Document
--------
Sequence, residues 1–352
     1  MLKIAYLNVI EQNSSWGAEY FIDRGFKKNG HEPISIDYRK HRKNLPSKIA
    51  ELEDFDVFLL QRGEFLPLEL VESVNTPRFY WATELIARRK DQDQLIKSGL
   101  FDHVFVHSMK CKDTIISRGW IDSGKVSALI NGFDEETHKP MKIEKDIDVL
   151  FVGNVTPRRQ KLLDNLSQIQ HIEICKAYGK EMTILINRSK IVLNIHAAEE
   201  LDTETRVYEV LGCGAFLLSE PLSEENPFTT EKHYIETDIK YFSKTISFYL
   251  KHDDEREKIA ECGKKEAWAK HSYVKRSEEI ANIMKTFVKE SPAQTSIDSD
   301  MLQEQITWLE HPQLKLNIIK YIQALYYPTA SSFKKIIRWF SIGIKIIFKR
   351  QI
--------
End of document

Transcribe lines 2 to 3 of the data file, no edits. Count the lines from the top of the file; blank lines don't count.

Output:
     1  MLKIAYLNVI EQNSSWGAEY FIDRGFKKNG HEPISIDYRK HRKNLPSKIA
    51  ELEDFDVFLL QRGEFLPLEL VESVNTPRFY WATELIARRK DQDQLIKSGL